Bantry meeting hears of constant obstacles to supermarket plans

December 22nd, 2016 11:55 AM

By Jackie Keogh

Pat Coakley, who made one of many contributions from the floor. (Photo: Nicholas O'Donnell)

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BANTRY people reacted with anger when they heard that Cork County Council has granted planning permission for a supermarket on no less than six occasions since 2009 – but not one of these developments has gone ahead.

Fianna Fáil Cllr Patrick Gerard Murphy did a rundown of the various planning applications at the start of the public meeting at Bantry Boys’ Club and the 250 people present expressed their frustration and demanded to know what was the common denominator.

Cllr Murphy outlined how Cork County Council granted planning permission in 2009 for a discount store near the GAA grounds at Newtown in 2009, but An Bord Pleanala turned it down.

The councillor said permission was granted for a Tesco at the cash and carry near the library in the town centre. 

Tesco was also given permission for a store at Newtown. This was appealed and upheld by An Bord Pleanala, but it never went ahead.

The Council also granted planning permission about 18 months ago for a new SuperValu at the old ESB site at Harbour View, but a submission was sent to An Bord Pleanala. 

The board refused it, but members of Cork County Council subsequently amended a Local Area Plan to address some of the issues raised by the board. 

Cork County Council granted that application again in August, but it, too, was the subject of a submission to An Bord Pleanala. The board is now expected to make a decision on December 19th.

Finally, in January, Lidl sent in an application for a development at Newtown and Cork County Council granted the application in June. 

It is on this application – not the in-town Tesco or the SuperValu supermarket – that local businessman, Aiden McCarthy, made a submission to An Bord Pleanala. He is opposed to its location outside of the town centre.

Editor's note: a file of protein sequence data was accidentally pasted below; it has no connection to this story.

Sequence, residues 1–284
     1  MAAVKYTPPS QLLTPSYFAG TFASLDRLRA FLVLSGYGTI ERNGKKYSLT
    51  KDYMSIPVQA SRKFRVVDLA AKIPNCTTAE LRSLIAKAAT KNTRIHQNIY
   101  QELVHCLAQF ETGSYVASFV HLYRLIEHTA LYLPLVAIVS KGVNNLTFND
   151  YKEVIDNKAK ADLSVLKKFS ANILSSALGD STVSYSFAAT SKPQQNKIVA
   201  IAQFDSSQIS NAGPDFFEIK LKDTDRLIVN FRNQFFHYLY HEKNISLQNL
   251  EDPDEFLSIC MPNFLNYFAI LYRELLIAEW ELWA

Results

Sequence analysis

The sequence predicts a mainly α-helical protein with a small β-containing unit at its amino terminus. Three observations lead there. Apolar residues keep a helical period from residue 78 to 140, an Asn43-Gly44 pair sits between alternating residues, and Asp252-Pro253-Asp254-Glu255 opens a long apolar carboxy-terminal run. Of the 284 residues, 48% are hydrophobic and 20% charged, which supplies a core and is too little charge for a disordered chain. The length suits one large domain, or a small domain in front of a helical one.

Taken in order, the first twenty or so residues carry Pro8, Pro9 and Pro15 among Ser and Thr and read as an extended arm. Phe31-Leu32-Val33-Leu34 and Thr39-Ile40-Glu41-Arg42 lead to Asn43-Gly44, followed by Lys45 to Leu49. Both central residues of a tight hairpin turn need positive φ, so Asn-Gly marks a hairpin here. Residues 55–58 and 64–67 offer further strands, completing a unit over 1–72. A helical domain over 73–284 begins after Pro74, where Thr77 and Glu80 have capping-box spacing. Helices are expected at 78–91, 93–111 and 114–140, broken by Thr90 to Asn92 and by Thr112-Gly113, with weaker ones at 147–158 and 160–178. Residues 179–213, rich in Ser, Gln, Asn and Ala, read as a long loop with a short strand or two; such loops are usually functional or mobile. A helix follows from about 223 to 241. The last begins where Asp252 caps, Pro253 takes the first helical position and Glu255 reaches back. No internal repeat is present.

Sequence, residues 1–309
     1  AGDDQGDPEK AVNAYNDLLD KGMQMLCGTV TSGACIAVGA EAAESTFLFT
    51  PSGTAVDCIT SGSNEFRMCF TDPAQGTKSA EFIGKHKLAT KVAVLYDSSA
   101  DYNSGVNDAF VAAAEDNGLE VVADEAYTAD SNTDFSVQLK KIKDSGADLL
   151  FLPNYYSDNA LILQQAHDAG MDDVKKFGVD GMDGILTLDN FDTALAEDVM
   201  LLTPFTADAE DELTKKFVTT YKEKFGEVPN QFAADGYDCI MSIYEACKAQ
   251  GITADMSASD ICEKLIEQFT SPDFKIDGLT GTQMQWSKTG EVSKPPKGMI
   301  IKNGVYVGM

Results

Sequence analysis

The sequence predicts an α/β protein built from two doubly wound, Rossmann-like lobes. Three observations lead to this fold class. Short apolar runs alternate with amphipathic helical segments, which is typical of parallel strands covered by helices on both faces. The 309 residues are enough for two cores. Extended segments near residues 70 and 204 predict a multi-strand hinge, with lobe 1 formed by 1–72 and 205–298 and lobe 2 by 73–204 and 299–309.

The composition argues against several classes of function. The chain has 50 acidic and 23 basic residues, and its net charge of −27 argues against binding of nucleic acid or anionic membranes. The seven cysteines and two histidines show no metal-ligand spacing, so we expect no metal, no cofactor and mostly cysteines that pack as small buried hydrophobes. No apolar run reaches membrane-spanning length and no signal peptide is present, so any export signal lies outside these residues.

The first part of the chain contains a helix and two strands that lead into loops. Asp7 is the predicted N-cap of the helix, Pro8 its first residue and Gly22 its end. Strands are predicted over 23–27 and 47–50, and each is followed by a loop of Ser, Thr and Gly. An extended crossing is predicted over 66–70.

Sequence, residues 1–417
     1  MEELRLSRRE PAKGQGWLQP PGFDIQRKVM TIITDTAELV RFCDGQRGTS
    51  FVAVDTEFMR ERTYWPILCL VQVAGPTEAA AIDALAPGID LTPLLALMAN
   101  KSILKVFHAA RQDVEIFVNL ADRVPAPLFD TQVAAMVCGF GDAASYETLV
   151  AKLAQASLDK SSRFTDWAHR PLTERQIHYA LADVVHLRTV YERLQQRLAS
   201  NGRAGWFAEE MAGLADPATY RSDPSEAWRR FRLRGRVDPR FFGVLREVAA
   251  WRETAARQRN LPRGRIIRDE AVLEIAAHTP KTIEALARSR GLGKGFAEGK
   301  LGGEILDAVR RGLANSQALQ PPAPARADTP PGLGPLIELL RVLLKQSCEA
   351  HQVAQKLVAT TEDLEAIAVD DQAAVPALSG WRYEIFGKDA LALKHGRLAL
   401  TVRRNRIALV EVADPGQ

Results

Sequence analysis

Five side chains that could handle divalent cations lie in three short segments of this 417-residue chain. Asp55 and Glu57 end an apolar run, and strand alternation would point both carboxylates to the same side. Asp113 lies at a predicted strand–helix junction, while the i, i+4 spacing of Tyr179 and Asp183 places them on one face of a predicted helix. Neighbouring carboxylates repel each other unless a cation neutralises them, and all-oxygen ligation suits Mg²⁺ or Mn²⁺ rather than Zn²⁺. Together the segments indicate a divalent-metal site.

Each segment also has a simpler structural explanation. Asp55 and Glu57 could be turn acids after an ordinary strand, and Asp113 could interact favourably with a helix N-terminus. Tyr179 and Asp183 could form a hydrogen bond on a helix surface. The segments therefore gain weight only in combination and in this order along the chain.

The board has twice deferred making a decision. The most recent deferral was on Monday, November 14th – a date that proved to be something of a flash point for the people of Bantry.

The board’s failure to deal with the issue prompted local taxi man, Michael O’Shea, to register his anger on Twitter, whilst Amy O’Sullivan, a music and drama teacher, helped him to set up a Facebook page called ‘Bantry Needs A Lidl’.

An online petition and a survey of shoppers showed people are leaving the town in droves because of lack of choice, prices, and a serious lack of parking.

Cllr Danny Collins said: ‘Bantry needs another large supermarket to give choice to the people of the town.’ And on the issue of parking he is going to formally propose that the Council remove half of Wolfe Tone Square to create more spaces.

Michael Collins TD acknowledged the anger and tension in the room and said: ‘The fact that you are all here tonight is going to send a very clear message.’

Lidl’s Munster manager in charge of locations, Owen Cusack, also attended the meeting, and made the point that 100 jobs would be created during the supermarket’s construction, and 30 more would be created in-store. 

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